More people using Buy Now Pay Later services for essentials including food and petrol

More people are being forced to use buy now pay later services to pay for basics such as food and petrol, as the cost of living and inflation continue to rise.

A new survey of financial counsellors found more than 80 per cent said clients were using buy now pay later for general retail.

However, the survey conducted by Financial Counselling Australia said many in the industry were increasingly worried about how people were using the services for everyday items.

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Of the more than 500 financial counsellors who completed the survey, 71 per cent said clients were using buy now pay later for food, while 41 per cent said they were using it for petrol.

Findings also revealed almost one-third said clients were using the services for utility bills, while 93 per cent said more clients were using buy now pay later in general.

Financial Counselling Australia chief executive Fiona Guthrie said she was concerned with the findings.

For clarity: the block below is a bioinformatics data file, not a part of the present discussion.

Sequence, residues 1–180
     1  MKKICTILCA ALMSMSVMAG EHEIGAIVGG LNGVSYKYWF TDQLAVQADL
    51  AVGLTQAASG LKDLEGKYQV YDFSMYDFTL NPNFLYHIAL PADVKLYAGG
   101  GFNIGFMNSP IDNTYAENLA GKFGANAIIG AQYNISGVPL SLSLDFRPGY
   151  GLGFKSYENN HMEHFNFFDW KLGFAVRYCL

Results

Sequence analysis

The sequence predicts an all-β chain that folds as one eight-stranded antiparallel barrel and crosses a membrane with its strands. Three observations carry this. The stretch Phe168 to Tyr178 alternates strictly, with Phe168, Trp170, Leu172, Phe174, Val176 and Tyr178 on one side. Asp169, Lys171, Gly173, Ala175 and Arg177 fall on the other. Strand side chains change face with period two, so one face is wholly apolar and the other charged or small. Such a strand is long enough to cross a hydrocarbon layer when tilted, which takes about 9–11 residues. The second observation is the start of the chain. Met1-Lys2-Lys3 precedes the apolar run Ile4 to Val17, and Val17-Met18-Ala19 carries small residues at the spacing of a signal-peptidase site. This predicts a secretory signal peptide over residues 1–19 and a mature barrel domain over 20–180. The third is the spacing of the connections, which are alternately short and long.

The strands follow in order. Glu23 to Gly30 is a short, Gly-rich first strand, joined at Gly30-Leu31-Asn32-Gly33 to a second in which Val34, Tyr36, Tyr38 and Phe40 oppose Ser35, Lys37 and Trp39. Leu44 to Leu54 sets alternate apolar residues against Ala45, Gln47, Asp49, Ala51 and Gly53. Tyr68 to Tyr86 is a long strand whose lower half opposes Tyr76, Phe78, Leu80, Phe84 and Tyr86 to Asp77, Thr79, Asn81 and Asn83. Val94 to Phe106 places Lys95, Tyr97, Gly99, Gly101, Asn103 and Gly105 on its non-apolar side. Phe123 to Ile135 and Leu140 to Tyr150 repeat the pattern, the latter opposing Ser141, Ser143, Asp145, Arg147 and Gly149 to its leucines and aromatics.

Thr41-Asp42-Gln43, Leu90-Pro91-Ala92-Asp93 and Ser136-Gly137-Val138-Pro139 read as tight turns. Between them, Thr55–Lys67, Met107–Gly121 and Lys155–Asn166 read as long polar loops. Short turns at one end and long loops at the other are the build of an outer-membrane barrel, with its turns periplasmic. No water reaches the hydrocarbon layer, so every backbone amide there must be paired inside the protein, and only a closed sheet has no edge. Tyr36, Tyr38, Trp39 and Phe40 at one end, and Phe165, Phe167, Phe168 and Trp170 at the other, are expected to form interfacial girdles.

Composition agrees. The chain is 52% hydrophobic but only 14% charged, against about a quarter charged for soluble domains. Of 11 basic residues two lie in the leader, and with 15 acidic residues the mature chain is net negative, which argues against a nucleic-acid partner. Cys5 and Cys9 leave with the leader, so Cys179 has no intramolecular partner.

“BNPL was never intended as a way to pay for everyday living expenses,” she said.

“But the ease of accessing BNPL loans, combined with mounting cost-of-living pressures, has meant more people are resorting to it just to get by.”

The findings of the survey follow regulations unveiled by the federal government in May, which aim to protect high-risk borrowers.

Under the changes, buy now pay later providers would need a credit licence, in line with other lending services. They also must follow minimum standards and hardship requirements.

More people are using buy now pay later services to pay for basic services such as food and petrol. (Sam Mooy/AAP PHOTOS) Credit: AAP

Services would be treated like other credit products and would also be subjected to marketing restrictions.

The federal government is still holding consultations with the industry about the detail of the laws.

Guthrie said income verification and credit checks needed to be carried out, with larger loans also being subjected to responsible lending obligations.

“With BNPL so hard to keep track of, debts can very easily snowball, leading far more people to seek financial counselling,” she said.

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